Twenty-Two Shrines

Twenty-Two Shrines

Twenty-Two Shrines

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The of Japan is one ranking system for Shinto shrines. The system was established during the Heian period. The shrines listed below receive special offerings from the Imperial Court. Most were selected from shrines that were in the immediate vicinity of Kyoto, the capital of Japan at the time.Grapard, Allan. History of Religions, Vol. 27, No. 3 (Feb., 1988), pp. 246-269.


Under the Ritsuryō law system, the shrines that the Imperial Court would present offerings to for rites such as the kinensai (祈年祭), a service to pray for a good harvest, were mostly decided by the , but once the Ritsuryō system began to deteriorate, the offerings were only given to a select few shrines.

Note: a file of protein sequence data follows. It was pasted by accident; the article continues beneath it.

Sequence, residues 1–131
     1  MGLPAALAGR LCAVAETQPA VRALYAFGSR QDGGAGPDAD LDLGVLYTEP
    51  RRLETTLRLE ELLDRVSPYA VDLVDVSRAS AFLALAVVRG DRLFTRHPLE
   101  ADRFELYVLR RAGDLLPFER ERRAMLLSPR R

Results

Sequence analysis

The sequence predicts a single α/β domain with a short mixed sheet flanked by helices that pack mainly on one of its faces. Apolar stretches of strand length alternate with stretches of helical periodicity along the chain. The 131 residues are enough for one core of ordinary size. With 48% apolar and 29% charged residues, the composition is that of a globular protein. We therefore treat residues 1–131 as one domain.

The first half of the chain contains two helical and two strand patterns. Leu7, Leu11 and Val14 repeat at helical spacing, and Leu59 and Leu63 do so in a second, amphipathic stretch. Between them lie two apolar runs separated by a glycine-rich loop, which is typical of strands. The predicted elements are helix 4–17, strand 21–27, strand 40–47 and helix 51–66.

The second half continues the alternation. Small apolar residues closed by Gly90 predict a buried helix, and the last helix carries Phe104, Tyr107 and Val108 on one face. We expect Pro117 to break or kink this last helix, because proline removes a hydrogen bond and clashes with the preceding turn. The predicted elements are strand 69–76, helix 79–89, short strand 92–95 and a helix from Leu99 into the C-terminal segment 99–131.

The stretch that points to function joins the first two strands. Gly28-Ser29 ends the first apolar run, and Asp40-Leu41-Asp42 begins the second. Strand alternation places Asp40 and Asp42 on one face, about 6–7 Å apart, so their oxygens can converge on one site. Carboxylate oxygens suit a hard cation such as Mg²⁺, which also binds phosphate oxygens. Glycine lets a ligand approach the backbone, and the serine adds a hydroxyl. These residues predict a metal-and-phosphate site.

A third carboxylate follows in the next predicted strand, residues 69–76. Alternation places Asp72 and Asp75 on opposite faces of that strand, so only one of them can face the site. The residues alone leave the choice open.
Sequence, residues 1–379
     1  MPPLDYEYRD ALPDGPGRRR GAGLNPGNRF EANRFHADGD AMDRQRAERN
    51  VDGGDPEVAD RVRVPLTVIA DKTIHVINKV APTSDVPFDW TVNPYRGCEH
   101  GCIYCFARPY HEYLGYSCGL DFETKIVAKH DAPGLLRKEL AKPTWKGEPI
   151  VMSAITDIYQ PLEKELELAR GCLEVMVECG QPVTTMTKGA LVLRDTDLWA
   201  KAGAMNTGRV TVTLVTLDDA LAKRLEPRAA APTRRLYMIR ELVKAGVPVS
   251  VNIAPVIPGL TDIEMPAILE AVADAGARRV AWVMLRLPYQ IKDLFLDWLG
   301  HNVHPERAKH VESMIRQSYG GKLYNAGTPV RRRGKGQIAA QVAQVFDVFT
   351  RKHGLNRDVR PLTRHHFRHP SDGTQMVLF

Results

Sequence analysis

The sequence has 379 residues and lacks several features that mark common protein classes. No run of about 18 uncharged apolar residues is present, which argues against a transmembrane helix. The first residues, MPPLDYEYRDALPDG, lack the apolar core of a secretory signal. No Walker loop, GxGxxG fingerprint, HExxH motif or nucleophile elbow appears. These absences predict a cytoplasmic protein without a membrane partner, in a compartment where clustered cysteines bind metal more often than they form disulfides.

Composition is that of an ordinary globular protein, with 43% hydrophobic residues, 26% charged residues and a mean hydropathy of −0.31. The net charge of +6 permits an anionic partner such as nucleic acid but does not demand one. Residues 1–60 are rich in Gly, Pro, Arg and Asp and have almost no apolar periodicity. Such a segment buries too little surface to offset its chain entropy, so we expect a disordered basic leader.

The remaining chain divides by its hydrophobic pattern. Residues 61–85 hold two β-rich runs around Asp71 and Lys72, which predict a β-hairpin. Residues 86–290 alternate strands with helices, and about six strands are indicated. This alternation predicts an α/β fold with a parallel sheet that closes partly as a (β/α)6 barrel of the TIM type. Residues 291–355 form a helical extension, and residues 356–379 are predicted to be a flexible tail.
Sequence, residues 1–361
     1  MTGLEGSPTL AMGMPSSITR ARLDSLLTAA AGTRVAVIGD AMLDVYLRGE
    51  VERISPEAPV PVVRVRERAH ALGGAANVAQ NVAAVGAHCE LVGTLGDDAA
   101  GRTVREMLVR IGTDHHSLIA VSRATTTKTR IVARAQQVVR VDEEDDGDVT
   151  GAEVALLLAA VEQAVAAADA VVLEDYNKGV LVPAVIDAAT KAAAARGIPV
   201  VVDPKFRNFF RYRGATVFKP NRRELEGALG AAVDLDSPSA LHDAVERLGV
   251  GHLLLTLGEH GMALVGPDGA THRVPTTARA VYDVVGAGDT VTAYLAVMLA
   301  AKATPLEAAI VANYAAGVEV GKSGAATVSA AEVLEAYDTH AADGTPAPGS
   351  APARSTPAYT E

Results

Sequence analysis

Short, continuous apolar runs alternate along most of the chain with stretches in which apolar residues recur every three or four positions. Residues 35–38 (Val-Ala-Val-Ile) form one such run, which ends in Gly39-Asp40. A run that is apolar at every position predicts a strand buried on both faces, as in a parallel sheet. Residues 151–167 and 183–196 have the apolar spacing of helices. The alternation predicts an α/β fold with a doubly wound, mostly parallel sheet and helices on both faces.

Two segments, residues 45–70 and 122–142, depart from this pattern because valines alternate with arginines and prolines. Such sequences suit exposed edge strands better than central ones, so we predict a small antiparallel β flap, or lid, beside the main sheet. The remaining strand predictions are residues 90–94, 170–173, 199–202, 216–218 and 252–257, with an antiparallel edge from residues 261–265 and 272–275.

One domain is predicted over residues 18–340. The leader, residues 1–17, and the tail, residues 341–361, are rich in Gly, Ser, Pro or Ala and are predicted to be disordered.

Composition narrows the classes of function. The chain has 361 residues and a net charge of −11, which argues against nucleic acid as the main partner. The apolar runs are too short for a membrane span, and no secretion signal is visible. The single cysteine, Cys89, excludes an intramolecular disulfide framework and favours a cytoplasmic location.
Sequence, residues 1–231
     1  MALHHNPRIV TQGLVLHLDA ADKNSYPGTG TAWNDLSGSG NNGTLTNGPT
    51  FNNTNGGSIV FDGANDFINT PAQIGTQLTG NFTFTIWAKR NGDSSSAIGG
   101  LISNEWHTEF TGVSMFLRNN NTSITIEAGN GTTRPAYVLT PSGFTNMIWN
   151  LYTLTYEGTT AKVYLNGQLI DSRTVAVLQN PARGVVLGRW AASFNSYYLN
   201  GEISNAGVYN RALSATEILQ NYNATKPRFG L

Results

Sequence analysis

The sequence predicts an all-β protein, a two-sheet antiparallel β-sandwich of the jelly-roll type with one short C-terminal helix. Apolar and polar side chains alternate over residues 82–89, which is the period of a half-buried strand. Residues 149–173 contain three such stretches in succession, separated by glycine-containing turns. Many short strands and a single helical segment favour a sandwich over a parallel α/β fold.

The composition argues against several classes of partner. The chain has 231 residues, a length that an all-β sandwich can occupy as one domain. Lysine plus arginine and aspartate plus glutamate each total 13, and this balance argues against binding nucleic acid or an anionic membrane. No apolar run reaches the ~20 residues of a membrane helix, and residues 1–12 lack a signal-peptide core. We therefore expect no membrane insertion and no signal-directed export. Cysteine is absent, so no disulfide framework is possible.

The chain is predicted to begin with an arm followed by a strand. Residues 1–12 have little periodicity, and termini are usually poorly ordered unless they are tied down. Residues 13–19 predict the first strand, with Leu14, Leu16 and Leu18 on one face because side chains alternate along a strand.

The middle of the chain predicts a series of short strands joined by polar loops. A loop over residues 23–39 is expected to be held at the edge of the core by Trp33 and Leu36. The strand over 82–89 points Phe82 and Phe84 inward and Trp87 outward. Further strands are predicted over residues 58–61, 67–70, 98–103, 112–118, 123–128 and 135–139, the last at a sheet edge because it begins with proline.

In 965, Emperor Murakami ordered that Imperial messengers were sent to report important events to the guardian kami of Japan. These heihaku were presented to 16 shrines: 1. Ise; 2. Iwashimizu; 3. Kamo; 4. Matsunoo; 5. Hirano; 6. Inari; 7. Kasuga; 8. Oharano; 9. Miwa; 10: Isonokami; 11. Ōyamato; 12. Hirose; 13. Tatsuta; 14. Sumiyoshi; 15. Nibu and 16. Kibune.Ponsonby-Fane, Richard Arthur Brabazon. (1962). Studies in Shinto and Shrines, pp. 116-117.

In 991, Emperor Ichijō added three more shrines to Murakami's list—17. Yoshida; 18. Hirota; and 19. Kitano; and two more were added three years later in 994;—20. Umenomiya; and 21. Gion.Ponsonby-Fane, Shrines, p. 118.

In 1039,......
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